3 a day

You’ll Never Walk Alone


If walking is the most philosophical way of getting around, solitary strolls in nature won’t cut it. You have to choose who to march alongside. 

Ways of getting around come with their own outlooks on the world. Cars, Americans are told again and again, mean freedom and comfort. Yet they can just as well be a burden, from the social costs of car-dependent communities to the way cars turn drivers into isolated individuals raging at the world outside their little metal box. Public transit can feel frustrating, involving lots of waiting and plodding routes. But there’s a solidarity that emerges on the subway or bus, the feeling that we’re all in it together, that makes it feel democratic. Whereas walking, trusting your own two feet, can mark one out as an interloper. It’s the mode of the solitary thinker, the flâneur, the backpacker. Yet it can be just as much a communal activity – from the solidarity of through-hikers on the Appalachian Trail to the crowd at a demonstration, people are on their own two feet together. The ambivalence of walking, which makes room for solo saunters and mass marches alike, has made it attractive to quite a few artists and thinkers.

For Frédéric Gros, a Parisian professor and Foucault specialist, walking is also the most philosophical way of getting around. In A Philosophy of Walking (originally published as Marcher: une philosophie in 2009), Gros expounds a view of the world in which walking is the cure for all modernity’s indignities. Setting off on a walk is self-liberation, discarding drab duties or even rejecting a “rotten, polluted, alienating, shabby civilization” for an ascetic freedom. Given his interest in Foucault, one might expect Gros to see the aimless, rambling walk as an evasive countermeasure against surveillance and discipline. But his emphasis is more on the philosophical, timeless value of wandering. He brings home the extent to which walking, practically the simplest activity there is, has been made almost peculiar in most societies. Yet his fundamentally Romantic sensibility leads him to an odd vision of the practice—so caught up in the sublime and lofty that it misses what’s at its own feet.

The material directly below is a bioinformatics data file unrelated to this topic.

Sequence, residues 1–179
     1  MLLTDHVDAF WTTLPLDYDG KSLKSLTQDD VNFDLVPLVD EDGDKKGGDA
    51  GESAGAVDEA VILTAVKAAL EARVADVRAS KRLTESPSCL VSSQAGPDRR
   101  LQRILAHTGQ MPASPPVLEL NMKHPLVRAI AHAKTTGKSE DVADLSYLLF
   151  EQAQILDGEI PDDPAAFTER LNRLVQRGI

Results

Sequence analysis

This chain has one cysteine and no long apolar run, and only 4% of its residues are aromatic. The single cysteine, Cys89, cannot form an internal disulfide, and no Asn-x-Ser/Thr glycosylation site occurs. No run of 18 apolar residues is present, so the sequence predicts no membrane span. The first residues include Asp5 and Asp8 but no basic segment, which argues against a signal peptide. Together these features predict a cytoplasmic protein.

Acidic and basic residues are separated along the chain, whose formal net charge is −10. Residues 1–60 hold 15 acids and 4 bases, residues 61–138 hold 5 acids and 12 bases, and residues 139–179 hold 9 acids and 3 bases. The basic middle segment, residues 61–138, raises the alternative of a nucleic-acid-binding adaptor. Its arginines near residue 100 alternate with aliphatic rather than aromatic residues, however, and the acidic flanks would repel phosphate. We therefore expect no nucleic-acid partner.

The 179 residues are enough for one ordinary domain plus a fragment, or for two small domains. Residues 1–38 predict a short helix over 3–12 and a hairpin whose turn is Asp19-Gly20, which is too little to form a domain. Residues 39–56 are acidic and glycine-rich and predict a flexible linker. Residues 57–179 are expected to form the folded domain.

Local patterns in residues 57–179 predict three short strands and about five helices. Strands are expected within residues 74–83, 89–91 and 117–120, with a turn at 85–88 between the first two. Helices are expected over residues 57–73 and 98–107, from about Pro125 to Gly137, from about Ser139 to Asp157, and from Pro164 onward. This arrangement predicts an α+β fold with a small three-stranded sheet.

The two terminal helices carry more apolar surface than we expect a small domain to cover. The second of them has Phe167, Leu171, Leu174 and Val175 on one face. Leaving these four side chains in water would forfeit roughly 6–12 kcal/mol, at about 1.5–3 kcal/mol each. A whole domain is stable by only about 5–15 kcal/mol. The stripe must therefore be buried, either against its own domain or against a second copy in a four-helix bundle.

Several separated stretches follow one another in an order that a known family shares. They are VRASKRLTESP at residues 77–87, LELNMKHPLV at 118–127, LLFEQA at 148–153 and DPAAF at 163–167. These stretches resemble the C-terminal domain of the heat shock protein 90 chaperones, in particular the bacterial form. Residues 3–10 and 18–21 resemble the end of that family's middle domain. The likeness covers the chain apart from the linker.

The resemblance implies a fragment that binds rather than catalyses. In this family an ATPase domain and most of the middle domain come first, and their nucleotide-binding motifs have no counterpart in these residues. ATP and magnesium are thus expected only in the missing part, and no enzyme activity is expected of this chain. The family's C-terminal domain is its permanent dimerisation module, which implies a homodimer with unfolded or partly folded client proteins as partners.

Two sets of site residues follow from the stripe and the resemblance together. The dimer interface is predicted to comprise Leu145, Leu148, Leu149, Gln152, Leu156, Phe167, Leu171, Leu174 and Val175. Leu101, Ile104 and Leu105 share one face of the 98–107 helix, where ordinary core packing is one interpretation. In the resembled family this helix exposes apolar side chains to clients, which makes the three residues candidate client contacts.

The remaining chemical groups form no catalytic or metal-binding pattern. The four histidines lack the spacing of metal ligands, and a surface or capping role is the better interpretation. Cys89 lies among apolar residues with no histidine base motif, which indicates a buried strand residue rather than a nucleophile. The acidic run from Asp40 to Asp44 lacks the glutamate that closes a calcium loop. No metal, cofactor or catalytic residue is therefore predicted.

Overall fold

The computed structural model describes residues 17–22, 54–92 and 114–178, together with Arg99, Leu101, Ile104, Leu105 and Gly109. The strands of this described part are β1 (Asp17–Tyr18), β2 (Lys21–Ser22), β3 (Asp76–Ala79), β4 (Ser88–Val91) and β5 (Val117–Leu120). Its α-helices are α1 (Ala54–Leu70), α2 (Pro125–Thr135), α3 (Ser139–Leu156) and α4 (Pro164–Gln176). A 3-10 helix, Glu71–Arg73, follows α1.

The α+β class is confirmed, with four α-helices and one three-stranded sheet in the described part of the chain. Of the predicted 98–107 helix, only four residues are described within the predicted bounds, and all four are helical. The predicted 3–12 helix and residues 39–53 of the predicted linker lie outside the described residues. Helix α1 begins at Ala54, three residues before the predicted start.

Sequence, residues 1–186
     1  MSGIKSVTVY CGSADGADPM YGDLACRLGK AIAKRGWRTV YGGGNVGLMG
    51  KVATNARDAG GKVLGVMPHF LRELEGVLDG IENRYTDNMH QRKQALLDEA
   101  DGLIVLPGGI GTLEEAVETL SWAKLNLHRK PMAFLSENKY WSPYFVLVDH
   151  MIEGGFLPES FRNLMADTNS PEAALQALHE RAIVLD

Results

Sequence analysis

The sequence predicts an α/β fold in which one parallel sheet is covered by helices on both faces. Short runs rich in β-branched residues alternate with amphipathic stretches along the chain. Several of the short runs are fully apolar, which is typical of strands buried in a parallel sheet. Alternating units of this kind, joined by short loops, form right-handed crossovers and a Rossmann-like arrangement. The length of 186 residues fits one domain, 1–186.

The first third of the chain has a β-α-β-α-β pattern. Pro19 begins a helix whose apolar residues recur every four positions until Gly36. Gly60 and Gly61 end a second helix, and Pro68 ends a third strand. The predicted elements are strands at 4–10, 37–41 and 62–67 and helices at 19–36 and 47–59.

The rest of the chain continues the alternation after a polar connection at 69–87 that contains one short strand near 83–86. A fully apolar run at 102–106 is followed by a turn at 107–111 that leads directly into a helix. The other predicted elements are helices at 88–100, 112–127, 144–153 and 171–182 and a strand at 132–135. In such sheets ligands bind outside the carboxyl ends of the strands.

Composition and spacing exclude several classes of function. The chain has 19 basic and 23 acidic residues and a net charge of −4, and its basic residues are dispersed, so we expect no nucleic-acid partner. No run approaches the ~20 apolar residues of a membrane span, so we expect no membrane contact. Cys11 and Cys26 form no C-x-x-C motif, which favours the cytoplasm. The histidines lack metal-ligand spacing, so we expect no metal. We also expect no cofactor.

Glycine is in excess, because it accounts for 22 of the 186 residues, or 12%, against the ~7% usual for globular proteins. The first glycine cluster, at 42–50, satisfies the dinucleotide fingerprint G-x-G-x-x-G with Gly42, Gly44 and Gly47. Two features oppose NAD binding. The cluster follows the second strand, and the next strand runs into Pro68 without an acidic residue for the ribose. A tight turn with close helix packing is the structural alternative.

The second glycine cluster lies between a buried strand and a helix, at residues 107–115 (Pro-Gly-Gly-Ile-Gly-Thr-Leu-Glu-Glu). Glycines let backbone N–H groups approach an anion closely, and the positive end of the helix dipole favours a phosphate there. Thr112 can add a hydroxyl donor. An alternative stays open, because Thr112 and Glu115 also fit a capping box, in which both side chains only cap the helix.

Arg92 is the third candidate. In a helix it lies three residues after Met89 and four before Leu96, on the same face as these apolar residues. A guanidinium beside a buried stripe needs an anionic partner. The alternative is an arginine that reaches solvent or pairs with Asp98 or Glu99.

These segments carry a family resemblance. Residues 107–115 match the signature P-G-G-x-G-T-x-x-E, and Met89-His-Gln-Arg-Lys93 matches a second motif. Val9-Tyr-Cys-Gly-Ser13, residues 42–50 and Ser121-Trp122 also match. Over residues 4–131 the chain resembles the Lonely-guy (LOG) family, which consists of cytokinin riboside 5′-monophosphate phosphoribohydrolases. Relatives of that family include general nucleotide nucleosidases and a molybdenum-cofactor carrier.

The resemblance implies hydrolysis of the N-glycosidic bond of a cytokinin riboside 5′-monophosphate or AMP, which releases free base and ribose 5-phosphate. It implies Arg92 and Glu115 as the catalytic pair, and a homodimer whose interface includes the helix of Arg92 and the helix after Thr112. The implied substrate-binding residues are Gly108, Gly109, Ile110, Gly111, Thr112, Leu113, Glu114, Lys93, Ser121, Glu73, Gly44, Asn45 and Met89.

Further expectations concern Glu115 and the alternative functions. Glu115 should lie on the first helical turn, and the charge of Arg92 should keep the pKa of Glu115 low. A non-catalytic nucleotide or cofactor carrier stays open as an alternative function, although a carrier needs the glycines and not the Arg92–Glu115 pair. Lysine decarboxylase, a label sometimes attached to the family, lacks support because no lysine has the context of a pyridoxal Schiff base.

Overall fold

Read More

Long read, but most worthy of your attention.

Are you afraid? I am. Every race is terrifying. Every corner, every obstacle, every descent, every bit of gravel or dirt. The sound of brakes squealing and the screams. The sirens and horns honking. The feeling of bumping bars and hips. The sight of bloodied bodies and broken bikes. The sickening sensation of your wheels sliding out from under you. The searing pain that shoots through you when you take a hit. The fear starts to creep up days before and reaches a crippling level by the start of the race. Sometimes it’s so bad it makes me physically sick and I don’t think I will even manage to get on my bike, let alone race 140km.

But what exactly is so scary? I had never really thought about it beyond the fact that racing a bike in a bunch was categorized under “terrifying things” in my mind. Leading up to the Ronde van Drenthe weekend, I was talking with my sports psychologist and she asked me exactly that: what are you afraid of? It got me thinking about it and I realized that I wasn’t really afraid of anything except for the fear itself. It was an irrational, fight or flight, survival instinct type of fear.

Ronde van Drenthe: A World Cup, a Euro Cup, and a lot of Lessons Learned | ANIKA (the beast) TODD

I really really love this blog, you should definitely read it!

(via womenscycling)